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Long QT syndrome and sudden unexpected infant death
  1. Chantal Van Niekerk1,2,
  2. Barbara Ströh Van Deventer3,
  3. Lorraine du Toit-Prinsloo3
  1. 1Department of Chemical Pathology, National Health Laboratory Service, Johannesburg, Gauteng, South Africa
  2. 2Department of Chemical Pathology, University of Pretoria, Pretoria, South Africa
  3. 3Department of Forensic Medicine, University of Pretoria, Pretoria, South Africa
  1. Correspondence to Dr Chantal Van Niekerk, R3-43 Pathology Building, Prinshof Campus, University of Pretoria, Pretoria 0002, South Africa; chantal.vanniekerk{at}up.ac.za

Abstract

Long QT syndrome (LQTS) is an inheritable primary electric disease of the heart characterised by abnormally long QT intervals and a propensity to develop atrial and ventricular tachyarrhythmias. It is caused by an inherited channelopathy responsible for sudden cardiac death in individuals with structurally normal hearts. Long QT syndrome can present early in life, and some studies suggest that it may be associated with up to 20% of sudden unexplained infant death (SUID), particularly when associated with external stressors such as asphyxia, which is commonly seen in many infant death scenes. With an understanding of the genetic defects, it has now been possible to retrospectively analyse samples from infants who have presented to forensic pathology services with a history of unexplained sudden death, which may, in turn, enable the implementation of preventative treatment for siblings previously not known to have pathogenic genetic variations. In this viewpoint article, we will discuss SUID, LQTS and postmortem genetic analysis.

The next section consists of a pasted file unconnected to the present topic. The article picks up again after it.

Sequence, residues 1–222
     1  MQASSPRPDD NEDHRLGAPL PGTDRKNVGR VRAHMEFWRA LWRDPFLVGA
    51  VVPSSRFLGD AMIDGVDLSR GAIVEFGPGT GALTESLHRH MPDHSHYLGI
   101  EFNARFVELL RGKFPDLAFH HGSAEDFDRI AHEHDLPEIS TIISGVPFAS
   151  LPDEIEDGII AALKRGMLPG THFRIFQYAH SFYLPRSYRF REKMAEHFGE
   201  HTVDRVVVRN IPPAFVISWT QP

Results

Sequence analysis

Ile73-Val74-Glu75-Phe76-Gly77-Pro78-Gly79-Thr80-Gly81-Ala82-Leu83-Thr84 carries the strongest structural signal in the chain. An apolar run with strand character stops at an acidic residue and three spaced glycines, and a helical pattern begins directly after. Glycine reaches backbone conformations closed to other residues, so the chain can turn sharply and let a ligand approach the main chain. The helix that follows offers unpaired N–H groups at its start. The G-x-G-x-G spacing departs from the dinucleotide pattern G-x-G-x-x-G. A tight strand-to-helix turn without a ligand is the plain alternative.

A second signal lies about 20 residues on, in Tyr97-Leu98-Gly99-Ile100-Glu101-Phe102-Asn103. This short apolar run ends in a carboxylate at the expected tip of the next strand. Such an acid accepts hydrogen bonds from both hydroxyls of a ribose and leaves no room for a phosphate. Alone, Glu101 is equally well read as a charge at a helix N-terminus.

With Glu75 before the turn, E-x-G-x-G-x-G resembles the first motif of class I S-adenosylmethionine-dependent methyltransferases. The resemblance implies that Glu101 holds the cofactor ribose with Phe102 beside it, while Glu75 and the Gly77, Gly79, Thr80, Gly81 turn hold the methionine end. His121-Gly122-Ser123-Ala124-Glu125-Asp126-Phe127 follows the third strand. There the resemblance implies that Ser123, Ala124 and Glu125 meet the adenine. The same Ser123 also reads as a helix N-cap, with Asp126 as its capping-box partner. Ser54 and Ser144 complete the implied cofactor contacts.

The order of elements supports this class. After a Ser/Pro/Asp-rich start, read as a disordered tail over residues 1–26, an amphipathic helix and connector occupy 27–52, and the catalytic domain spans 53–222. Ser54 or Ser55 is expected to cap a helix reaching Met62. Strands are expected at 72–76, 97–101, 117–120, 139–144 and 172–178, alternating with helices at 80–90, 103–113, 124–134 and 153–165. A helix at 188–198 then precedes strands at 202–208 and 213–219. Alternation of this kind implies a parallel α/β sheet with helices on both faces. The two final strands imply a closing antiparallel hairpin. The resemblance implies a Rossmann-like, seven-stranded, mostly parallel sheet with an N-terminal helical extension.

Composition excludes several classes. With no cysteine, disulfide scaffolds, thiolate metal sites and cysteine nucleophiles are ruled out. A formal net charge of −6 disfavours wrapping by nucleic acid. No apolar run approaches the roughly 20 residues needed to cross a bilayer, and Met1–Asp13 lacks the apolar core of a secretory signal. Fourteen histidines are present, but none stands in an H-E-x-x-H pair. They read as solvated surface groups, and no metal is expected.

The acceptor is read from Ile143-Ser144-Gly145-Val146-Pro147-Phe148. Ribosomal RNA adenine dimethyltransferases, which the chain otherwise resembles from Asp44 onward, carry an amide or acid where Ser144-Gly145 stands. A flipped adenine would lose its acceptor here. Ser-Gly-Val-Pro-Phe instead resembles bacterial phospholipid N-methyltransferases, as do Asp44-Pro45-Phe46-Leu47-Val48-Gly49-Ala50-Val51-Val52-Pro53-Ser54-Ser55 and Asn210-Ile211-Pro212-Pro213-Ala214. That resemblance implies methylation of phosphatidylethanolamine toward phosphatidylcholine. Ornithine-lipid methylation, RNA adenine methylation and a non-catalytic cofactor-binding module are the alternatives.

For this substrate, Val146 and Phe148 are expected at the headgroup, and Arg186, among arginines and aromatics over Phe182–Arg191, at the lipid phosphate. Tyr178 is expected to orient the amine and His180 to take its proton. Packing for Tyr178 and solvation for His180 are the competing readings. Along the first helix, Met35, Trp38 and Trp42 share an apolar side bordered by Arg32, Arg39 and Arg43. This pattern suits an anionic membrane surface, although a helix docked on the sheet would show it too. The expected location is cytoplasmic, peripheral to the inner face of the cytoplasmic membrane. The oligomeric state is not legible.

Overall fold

• DNA
  • FORENSIC PATHOLOGY
  • SIDS

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Footnotes

  • Contributors All three authors were involved in the conception, writing and editing of this paper.

  • Competing interests None declared.

  • Provenance and peer review Commissioned; externally peer reviewed.

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